Nicole Tillberg | @nicoletillberg
The 2019 Saluki Con took over the SIU Student Center on Sept. 28 and 29. Students, faculty and community members attended the annual convention for everything gaming, cosplay, artistry, pop culture and comic related.
The main attraction was in the Student Center ballrooms where rows of tables with local and non-local artists and vendors could show off their products.
Nearly everything related to nerd culture was on display. Local card shops selling games and a variety of dice; authors signing copies of their latest books; artists doing sketches on the spot for attendees and designers selling cosplay items.
One of the vendors, Brad Moore, a Carbondale resident and graduate of SIU, creates artwork for record companies and death metal/doom metal bands.
Moore said there are many ways he can get his art used by bands. He said they either come to him with a specific idea, ask him to make whatever he believes is best for the album, or Moore will pitch a piece of artwork to the band.
“As you can tell, it’s all macabre,” Moore said. “I considered it surrealism more than horror, but surrealism has a morbidity to it anyways.”
Moore said he has been coming to Saluki Con since 2016 and attended the Eclipse Con.
Two vendors and artists that aren’t from the area were Cullen Bunn and Jimmy “JimmyZ” Johnston.
JimmyZ and Bunn have co-authored comics like “Micronauts” and “The Tick.”
JimmyZ has been collecting comic books since 1986 and now owns a comic book shop in Cuba, Missouri, called Little Shop of Comics. He said he became a guest at Saluki Con because of his children.
“My daughter and oldest boy started going here about September of 2018,” JimmyZ said. “This convention was coming up, and my daughter asked me if I would be interested in being a guest.”
Along with JimmyZ was Cullen Bunn, a long time friend of JimmyZ and a full-time comic writer.
Bunn said he has been writing comics professionally for 15 years. He said he’s written for nearly every publisher including Marvel, DC, Dark Horse and Archie.
Bunn has written extensively about Deadpool. One of his earliest works for Marvel was “Deadpool Kills the Marvel Universe.”
“I’ve written Captain America, Spider-Man, Uncanny X-Men, X-Men Blue, Venom,” Bunn said. “I’d be hard pressed to name them all.”
Bunn said he draws his inspiration from everyday things and from the media he consumes.
“I’m pretty much drawing inspiration at all times,” Bunn said, “Just today talking to someone at the table we stumbled onto some little line of conversation and I was like, ‘oh, that’s interesting.’”
When writing Deadpool, Bunn said you always have to keep in mind that he kills people for a living and there’s a lot of darkness inside of him. Bunn said his version of Deadpool is a little darker than others.
When Marvel asked Bunn what he would do with a story called “Deadpool Kills the Marvel Universe,” he said he would make a Deadpool like Freddy Krueger and Jason Voorhees.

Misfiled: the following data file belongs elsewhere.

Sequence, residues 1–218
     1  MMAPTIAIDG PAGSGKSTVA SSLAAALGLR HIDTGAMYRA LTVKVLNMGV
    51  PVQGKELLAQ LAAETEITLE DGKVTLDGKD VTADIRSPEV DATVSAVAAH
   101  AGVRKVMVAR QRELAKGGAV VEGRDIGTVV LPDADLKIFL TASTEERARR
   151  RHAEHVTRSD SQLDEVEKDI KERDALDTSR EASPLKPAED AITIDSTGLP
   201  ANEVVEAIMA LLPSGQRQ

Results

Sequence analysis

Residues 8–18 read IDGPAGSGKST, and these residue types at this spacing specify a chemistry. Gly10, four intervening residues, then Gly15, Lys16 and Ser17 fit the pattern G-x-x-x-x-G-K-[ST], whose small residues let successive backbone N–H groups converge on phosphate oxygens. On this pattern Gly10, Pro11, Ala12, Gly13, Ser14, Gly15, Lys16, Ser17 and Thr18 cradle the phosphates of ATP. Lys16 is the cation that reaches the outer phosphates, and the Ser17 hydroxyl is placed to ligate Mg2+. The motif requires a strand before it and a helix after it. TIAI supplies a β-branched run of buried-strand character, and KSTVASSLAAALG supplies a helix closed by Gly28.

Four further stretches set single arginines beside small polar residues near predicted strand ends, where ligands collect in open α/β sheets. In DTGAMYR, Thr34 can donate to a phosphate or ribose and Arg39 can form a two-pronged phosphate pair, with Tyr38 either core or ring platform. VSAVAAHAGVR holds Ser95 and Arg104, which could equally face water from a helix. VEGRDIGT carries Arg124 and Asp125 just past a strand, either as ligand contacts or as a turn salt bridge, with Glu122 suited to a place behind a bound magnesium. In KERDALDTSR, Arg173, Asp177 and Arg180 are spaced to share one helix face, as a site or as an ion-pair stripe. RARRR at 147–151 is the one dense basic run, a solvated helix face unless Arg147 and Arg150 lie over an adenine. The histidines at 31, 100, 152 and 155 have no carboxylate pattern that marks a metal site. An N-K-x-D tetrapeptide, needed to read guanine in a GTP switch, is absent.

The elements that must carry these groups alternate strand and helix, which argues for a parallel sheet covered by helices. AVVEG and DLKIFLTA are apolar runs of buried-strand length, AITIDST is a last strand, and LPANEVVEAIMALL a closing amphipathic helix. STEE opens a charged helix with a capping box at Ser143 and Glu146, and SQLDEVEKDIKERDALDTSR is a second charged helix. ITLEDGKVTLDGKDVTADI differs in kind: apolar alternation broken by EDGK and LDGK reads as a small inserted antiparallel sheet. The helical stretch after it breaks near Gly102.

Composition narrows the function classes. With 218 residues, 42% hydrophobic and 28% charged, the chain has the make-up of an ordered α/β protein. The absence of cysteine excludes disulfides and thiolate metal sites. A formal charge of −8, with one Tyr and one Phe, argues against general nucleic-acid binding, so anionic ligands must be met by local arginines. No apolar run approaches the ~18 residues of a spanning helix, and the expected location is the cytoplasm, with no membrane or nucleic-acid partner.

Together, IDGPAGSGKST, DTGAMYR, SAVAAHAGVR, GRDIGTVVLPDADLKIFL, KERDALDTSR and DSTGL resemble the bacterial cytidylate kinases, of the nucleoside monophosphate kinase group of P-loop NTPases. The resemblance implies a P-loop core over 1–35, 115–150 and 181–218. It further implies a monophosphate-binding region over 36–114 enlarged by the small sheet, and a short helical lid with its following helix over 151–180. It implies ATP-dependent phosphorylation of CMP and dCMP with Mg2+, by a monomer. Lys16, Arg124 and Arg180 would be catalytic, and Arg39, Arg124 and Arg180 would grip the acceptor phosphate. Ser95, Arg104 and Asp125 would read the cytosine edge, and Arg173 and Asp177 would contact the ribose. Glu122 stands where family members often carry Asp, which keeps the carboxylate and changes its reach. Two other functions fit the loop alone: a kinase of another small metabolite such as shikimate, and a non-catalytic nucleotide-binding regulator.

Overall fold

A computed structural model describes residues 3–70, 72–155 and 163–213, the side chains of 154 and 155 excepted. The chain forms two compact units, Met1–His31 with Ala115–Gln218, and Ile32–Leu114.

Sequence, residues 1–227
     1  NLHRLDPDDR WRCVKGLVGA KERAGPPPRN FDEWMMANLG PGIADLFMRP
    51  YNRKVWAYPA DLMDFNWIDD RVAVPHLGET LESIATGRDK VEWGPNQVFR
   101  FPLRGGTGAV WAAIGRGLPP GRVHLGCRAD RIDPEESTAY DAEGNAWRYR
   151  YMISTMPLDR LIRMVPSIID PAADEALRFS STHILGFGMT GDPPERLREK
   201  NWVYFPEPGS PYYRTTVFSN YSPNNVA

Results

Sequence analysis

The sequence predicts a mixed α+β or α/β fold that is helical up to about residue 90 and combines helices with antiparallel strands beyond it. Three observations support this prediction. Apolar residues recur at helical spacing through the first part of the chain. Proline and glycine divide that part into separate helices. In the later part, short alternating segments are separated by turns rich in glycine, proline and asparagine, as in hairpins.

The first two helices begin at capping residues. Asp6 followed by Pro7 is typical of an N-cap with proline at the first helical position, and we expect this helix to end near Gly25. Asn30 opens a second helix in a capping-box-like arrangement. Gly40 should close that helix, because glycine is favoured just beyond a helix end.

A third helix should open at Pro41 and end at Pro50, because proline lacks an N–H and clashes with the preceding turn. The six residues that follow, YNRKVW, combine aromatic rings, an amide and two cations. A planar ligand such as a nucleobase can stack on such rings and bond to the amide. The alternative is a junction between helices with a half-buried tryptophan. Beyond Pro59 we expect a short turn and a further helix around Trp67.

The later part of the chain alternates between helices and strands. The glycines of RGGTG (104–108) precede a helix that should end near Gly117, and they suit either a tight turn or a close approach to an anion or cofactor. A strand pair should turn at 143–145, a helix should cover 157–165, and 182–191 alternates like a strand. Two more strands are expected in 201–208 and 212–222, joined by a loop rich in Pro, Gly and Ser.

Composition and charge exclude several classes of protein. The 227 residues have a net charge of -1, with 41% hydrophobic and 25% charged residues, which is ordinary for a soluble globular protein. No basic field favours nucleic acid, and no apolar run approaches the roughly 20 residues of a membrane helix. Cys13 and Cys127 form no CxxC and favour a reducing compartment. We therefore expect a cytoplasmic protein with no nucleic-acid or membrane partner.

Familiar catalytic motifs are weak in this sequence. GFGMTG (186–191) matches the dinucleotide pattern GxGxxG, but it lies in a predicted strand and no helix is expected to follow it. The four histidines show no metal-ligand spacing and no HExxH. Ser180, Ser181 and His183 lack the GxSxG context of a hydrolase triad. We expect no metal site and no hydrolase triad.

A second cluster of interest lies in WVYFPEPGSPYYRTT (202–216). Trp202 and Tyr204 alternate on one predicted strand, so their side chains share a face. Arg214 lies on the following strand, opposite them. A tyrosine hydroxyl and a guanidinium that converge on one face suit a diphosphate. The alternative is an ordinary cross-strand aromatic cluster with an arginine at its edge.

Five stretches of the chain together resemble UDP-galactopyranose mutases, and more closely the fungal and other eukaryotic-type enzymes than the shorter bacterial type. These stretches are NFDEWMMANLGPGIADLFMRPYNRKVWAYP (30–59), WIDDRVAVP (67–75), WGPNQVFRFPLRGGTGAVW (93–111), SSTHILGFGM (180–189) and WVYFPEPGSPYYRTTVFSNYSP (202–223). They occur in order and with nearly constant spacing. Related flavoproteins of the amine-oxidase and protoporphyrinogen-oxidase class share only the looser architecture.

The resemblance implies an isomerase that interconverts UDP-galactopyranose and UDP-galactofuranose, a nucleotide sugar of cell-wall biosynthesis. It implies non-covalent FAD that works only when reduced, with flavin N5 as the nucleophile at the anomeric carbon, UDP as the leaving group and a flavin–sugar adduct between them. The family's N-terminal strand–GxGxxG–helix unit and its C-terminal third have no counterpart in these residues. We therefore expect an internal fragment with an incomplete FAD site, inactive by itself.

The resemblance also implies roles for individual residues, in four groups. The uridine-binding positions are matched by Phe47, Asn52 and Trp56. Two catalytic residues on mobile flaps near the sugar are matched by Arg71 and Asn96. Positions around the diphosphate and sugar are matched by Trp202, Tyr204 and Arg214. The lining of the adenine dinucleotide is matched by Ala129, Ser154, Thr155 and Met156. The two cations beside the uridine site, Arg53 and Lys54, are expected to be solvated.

“I don’t want him to be goofy, I want to do a very dark take, a comedic Deadpool, but very dark,” Bunn said.
Saluki Con also featured special guests from popular TV shows and movies like actor Adrain Paul from “Arrow” and “Highlander: The Series” and Tracee Lee Cocco, an actress and stunt woman from the “Star Trek: The Next Generation” movies and TV series.
Another special guest was David J. Peterson. He is a language creator and is responsible for creating the Dothraki and High Valyrian languages in “Game of Thrones” and Trigedasleng from the TV show “The 100.”
Peterson said this was his first Saluki Con and he was invited by SIU linguist professor Jeff Punske.
Peterson got his BA in English and in linguistics from the University of California, Berkeley and his MA in linguistics from the University of California, San Diego.
Peterson said he doesn’t have a lot of people come up to him speaking Dothraki, but he is surprised by a dedicated fan group that speaks the language from “The 100.”
“The language I created, Trigedasleng, that has an actual, dedicated fanbase,” Peterson said. “People learn the language and use it, so that was really cool.”
Peterson compared building a language to building a car.
“You’re not creating the entire language at once, you’re creating little bits at a time; spend an hour or two a day create a little bit,” Peterson said.
Peterson said in a panel at the con that when he was creating the language for the TV show “Penny Dreadful,” he took the root word for good in Latin and the root word for good in Greek, combined them, then flipped the word so it was backwards. That is how he came up with the word bad for that language.
“When it comes to the system, the grammar, it’s not really anything like a novel. It’s much more like an engineer, because it’s a system that needs to work,” Peterson said. “It doesn’t need to work perfectly because human languages aren’t perfect, the way that a computer program is, but it still has those elements to it.”
The convention made use of SIU’s new Esports arena with multiple tournaments throughout the weekend. “Dance Dance Revolution,” “Hearthstone” and “League of Legends” were all played on Saturday, while “Super Smash Bros. Ultimate” and “Counterstrike: Global Offensive” were played on Sunday. River Radio’s Nora Inman streamed the tournaments on Twitch.
Staff reporter Jacob Lorenz can be reached at [email protected] or on Twitter at @jtlorenz6.
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